American Ambivalence about Immigration 7 April 2006Posted by Todd in Inequality & Stratification, Political Commentary, Politics, Race & Ethnicity, Social Sciences.
The only good thing to come out of the current insanity in Congress—the battle over the Senate and House versions of immigration reform, the former a somewhat reasonable proposal, the latter a throw-back to 1920s style nativism—is that it happens to fall right when my course on inequality in the United States is covering the issue of immigration, so I have something meaty and immediate to throw to my students for debate.
Immigration has been an issue for centuries, dating back to the fear of German immigrants in the 18th century. But Americans as a whole have always been ambivalent in their feelings in general, and their governmental policies always end up stradling various ethical, legal, and historical issues. A recent survey conducted by the Pew Research Center demonstrates amply America's ambivalence about immigration.
Where Mexico is concerned, Americans' feelings about immigration are even more murky. Some point to the fact that the U.S. Southwest was once northern Mexico, but more salient is the fact that even during the bracero program of the 1930s, the border with Mexico has always been a de facto open border. Beginning with the Chinese Exclusion Act of 1883, California farmers needed to replace the labor force they lost, and turned to Mexico. Mexican (and Canadian) workers were exempted in the draconian 1924 Immigration Act and moved freely back and forth across the border. It was not until the 1965 Immigration Act put limits on Mexican immigration that the issue of "illegal immgrants" from Mexico was even an issue. (That is not to say that there weren't cultural and social tensions between Anglos and Mexican-Americans prior to 1965, just that their legal status was not at the center of the conflict.) The Mexican economy, decimated by NAFTA during the 1990s, has produced a horde of unemployed people living at or near absolute poverty; southern Mexicans have been displaced into northern Mexico, and more and more Mexicans need to come north to feed their families.
Current debates about immigration cross party boundaries and make strange bedfellows, because the values that drive individuals' and groups' evaluation of the issue are contradictory and overlapping. Often people on both sides of the American political dyad find themselves both for and against immigration and immigration reform at the same time. It seems that these attitudes fall into four quadrants of sorts, as I've tried to illustrate in very bad HTML Table below (if anyone knows why a giant space is appearing before the table, please email me so I can fix that).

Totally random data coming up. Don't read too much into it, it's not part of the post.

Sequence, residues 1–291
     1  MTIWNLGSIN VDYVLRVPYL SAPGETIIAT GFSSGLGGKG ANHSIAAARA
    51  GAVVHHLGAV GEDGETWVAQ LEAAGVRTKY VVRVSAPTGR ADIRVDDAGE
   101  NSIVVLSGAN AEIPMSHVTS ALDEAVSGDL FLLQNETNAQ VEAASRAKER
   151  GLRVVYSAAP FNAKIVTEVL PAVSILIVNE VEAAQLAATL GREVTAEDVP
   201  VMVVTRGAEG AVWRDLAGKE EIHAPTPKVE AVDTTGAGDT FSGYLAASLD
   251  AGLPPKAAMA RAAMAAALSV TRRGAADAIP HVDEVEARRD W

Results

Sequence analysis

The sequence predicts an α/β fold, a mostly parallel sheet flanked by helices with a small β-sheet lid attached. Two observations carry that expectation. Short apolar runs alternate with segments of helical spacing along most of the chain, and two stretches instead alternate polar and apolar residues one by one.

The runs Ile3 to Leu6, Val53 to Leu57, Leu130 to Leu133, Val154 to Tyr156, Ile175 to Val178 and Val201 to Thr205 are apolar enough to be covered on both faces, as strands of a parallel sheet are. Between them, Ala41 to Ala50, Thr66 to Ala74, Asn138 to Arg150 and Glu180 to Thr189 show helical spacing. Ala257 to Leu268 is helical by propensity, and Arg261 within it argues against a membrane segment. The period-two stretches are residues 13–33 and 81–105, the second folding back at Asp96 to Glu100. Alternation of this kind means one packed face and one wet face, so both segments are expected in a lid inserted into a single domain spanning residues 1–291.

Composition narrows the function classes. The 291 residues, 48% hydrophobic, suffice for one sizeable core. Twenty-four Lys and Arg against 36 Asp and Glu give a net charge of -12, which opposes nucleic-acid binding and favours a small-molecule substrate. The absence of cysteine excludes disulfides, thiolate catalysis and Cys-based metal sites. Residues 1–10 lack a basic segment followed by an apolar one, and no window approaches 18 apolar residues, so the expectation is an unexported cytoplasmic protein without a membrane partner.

|Ideology or Values (Left)||Believers (Left)||Believers (Right)||Ideology or Values (Right)|
|For: Multiculturalism, diversity, etc.||Educators, immigrant advocates, immigrants, etc.||Business owners, farmers, PMC who hire immigrant day-labor and domestic help, etc.||For: Capitalist production, free market, etc.|
|Against: Job protection, labor rights, etc.||Working class, labor activists, etc.||national security wonks, those who don't directly benefit from migrant labor, middle class and working class who fear cultural "denationalization", etc.||Against: Nationalism, "American identity"|
Of course, this is an oversimplified rubric (many labor activists are pro-immigration, and many business owners are against, etc.). What I am trying to illustrate, here, is the general outline of the competing values that drive peoples reactions, emotions, their policy decisions regarding immigration, and ultimately their ambivalence. Surely, sociologically, immigration is not a neutral social phenomenon; it can cause real upheaval and turmoil to a society, depending on how it occurs, its scale and scope, and the perceptions of society's members. And just as surely for the migrants themselves, according to many studies, the "context of reception" is the single greatest factor in determining their mental health and emotional adjustment to a new cultural home after migration.
To be continued when I know where I'm going with this…
 Democracy Now had an interesting debate over the Senate proposal last week, between Aarti Shahani of Families for Freedom and Tamar Jacoby of the Manhattan Institute. Although I am at odds with the Manhattan Institute on many issues—especially their economic policy—Ms. Jacoby's arguments made sense to me, given what I've been studying recently about the history of immigration policy and Americans' responses to immigrants over the past 10 years. Listen to the debate online.
 See Alejandro Portes and Rubén G. Rumbaut, Immigrant America: A Portrait, Second Edition (Berkeley: University of California Press, 1996), 155-186.